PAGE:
Joint audit finds DOD, VA fell short on EHR interoperability

A joint report released this week from the Offices of Inspector General for the Departments of Defense and Veterans Affairs found that the agencies had not taken all necessary actions to achieve interoperability of patient care information when they deployed the Cerner electronic health record system and launched the Joint Health Information Exchange.  

“Achieving interoperability between the DOD, VA, and external healthcare providers through the deployment of a single EHR system is critical because healthcare providers will have the ability to securely transfer and share health care information for the nation’s 9.6 million DoD armed forces members, dependents and retirees, and 9.21 million enrolled users,” read the report.  

“VA appreciates the recommendations,” said VA spokespeople in response to requests for comment from Healthcare IT News. “We consider all opportunities for improvement in VA’s approach to ensuring a complete electronic health record that accomplishes a seamless transition from military service to veteran status.   

“We will continue to work closely and effectively with the Federal Electronic Health Record Modernization Office and our DOD colleagues on our joint effort,” the spokespeople continued.

Requests for comment from DOD and the FEHRM Program Office were not returned by press time.  

WHY IT MATTERS  

As outlined in the audit report, Congress directed the DOD and VA to enable interoperability of patient health information between the departments as part of the FY 2008 National Defense Authorization Act. Additional requirements were instituted as part of the FY 2014 NDAA and the FY 2020 NDAA.  

To meet those interoperability requirements, the agencies contracted with Cerner in 2015 (for DOD) and 2018 (for VA), with plans to deploy its EHR throughout healthcare facilities over the next decade.  

The DOD and VA also established the FEHRM Program Office to provide direction and oversight to organizations rolling out the Cerner EHR.  

“The FEHRM Program Office’s primary mission is to work closely with the DOD and VA to implement a single, interoperable federal EHR and develop and maintain a complete patient record that would enhance patient care and healthcare provider effectiveness,” read the joint audit report.   

“Furthermore, the FEHRM Program Office implemented the Joint Health Information Exchange to enhance the ability of the Departments to securely exchange healthcare information with more than 15,000 external healthcare providers,” noted the auditors.   However, the watchdogs found that the DOD and VA “did not take all the actions needed to achieve interoperability.”  

Specifically, said the OIGs, the agencies did not:

  • Consistently migrate patient healthcare information from the legacy electronic health care systems into Cerner to create a single, complete patient EHR
  • Develop interfaces from all medical devices to Cerner Millennium so that patient healthcare information will automatically upload to the system from those devices
  • Ensure that users were granted access to Cerner Millennium for only the information needed to perform their duties  

The OIGs pointed the finger at FEHRM for this, saying that it did not develop and implement a plan to achieve interoperability requirements or take an active role to manage the program’s success.  

“Instead, FEHRM Program Office officials limited their role to facilitating discussions when disputes arose between the DOD and the VA, and would only provide direction if the Departments reported a problem,” said the report.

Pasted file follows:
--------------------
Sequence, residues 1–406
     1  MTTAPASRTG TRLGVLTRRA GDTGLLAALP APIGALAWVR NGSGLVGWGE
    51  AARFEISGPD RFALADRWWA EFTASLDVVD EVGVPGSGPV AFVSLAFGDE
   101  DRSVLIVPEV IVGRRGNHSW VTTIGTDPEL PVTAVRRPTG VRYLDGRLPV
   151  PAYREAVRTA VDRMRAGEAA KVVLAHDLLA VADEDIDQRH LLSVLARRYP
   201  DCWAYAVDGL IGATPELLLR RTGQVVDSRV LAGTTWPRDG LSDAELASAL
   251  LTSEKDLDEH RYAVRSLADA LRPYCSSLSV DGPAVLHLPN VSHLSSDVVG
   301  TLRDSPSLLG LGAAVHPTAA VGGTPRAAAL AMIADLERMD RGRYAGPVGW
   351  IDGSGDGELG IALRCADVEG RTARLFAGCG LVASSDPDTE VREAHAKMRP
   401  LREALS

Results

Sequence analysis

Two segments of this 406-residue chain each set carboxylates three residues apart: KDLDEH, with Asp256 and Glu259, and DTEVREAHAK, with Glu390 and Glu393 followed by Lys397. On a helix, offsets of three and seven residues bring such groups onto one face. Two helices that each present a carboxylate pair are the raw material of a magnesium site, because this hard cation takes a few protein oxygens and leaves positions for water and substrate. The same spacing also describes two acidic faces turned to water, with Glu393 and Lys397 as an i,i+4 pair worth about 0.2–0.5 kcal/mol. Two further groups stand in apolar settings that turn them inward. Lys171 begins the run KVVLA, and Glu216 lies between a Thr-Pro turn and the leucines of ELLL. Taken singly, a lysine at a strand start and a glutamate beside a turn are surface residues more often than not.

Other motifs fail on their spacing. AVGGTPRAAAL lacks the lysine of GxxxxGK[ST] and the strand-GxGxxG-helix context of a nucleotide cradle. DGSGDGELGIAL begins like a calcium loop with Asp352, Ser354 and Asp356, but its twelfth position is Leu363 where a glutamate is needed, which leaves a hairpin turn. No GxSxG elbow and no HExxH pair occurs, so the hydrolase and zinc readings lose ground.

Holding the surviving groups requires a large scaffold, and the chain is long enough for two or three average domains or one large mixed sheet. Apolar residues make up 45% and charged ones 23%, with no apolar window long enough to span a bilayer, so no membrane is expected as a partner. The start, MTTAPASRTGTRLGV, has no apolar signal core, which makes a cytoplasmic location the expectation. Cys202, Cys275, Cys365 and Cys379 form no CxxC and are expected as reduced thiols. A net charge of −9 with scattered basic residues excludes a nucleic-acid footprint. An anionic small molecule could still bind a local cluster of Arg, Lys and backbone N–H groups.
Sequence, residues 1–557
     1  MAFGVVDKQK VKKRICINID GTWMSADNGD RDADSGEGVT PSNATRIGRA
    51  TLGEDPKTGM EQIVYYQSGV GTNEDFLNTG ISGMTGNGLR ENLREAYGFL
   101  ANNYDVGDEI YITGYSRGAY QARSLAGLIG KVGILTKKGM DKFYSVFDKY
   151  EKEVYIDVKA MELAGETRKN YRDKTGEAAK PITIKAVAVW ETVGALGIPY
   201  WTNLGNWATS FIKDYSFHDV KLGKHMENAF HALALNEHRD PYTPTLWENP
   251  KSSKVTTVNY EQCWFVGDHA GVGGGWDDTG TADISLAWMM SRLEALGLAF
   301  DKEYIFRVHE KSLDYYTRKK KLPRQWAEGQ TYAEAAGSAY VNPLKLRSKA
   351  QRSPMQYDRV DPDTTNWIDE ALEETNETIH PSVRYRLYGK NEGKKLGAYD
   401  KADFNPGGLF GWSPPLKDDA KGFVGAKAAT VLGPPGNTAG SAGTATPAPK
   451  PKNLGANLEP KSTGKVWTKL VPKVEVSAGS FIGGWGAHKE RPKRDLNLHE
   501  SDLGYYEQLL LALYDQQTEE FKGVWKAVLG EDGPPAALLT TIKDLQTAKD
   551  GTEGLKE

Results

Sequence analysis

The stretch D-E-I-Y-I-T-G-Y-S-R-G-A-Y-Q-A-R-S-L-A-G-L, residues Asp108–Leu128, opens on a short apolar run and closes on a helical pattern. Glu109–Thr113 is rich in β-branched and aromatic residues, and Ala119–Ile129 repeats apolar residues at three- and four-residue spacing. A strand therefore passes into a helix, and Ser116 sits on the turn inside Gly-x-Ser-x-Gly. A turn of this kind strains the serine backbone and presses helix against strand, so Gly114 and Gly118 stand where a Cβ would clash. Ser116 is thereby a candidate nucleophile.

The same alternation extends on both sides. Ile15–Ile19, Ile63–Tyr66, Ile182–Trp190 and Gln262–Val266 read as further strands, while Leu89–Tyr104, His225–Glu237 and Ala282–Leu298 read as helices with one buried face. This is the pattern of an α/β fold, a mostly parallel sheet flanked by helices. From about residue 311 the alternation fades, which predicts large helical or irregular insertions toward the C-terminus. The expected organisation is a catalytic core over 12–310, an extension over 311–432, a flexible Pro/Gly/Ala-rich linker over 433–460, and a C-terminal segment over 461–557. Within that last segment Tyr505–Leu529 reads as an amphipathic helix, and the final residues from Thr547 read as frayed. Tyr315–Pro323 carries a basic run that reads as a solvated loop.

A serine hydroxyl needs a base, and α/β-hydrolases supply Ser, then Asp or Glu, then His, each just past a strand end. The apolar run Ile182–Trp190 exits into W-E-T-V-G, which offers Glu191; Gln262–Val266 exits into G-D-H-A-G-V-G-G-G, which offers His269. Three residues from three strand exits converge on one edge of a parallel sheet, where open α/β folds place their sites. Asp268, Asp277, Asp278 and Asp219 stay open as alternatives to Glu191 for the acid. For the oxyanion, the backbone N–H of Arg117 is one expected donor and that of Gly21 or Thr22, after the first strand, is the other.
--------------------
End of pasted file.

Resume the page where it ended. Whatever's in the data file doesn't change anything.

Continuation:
“Because the FEHRM Program Office limited its role, the DOD and the VA took separate actions to migrate patient healthcare information, develop interfaces and grant user access to Cerner Millennium,” it continued.  

The OIGs recommended that the FEHRM Program Office develop processes and procedures in accordance with its charter, along with:   

  • Determining the type of healthcare information that constitutes a complete EHR 
  • Implementing a plan for migrating legacy patient healthcare information needed
  • Implementing a plan for creating interfaces that would allow medical devices to connect and transfer patient healthcare information to Cerner Millennium
  • Implementing a plan to modify Cerner Millennium user roles to ensure that users are granted access to only the patient healthcare information necessary to perform their job responsibilities  

“The Deputy Secretary of Defense and Deputy Secretary of Veterans Affairs agreed with the recommendation to review the actions of the FEHRM Program Office and direct the FEHRM Program Office to develop processes and procedures in accordance with the recommendations,” said the auditors.   

“In addition, the Deputy Secretary of Defense and Deputy Secretary of Veterans Affairs stated that they would ensure the FEHRM Program Office complies with its charter and applicable NDAA requirements,” they continued.

THE LARGER TREND  

The EHR modernization effort at the VA has been the subject of several OIG reports over the past year, which raised concerns about cost estimates, training deficiencies, scheduling systems, medication management, ticket-process concerns and care-coordination deficiencies.  

But the DOD’s new EHR implementation also faced its fair share of watchdog scrutiny about its rollout timeline and its handling of patient security.  

ON THE RECORD  

“As the DOD and the VA continue to deploy Cerner Millennium, healthcare providers at those facilities should be confident that a patient’s EHR is accurate and complete regardless of where the point of care occurred,” said the joint OIG report.

Kat Jercich is senior editor of Healthcare IT News.
Twitter: @kjercich
Email: [email protected]
Healthcare IT News is a HIMSS Media publication.

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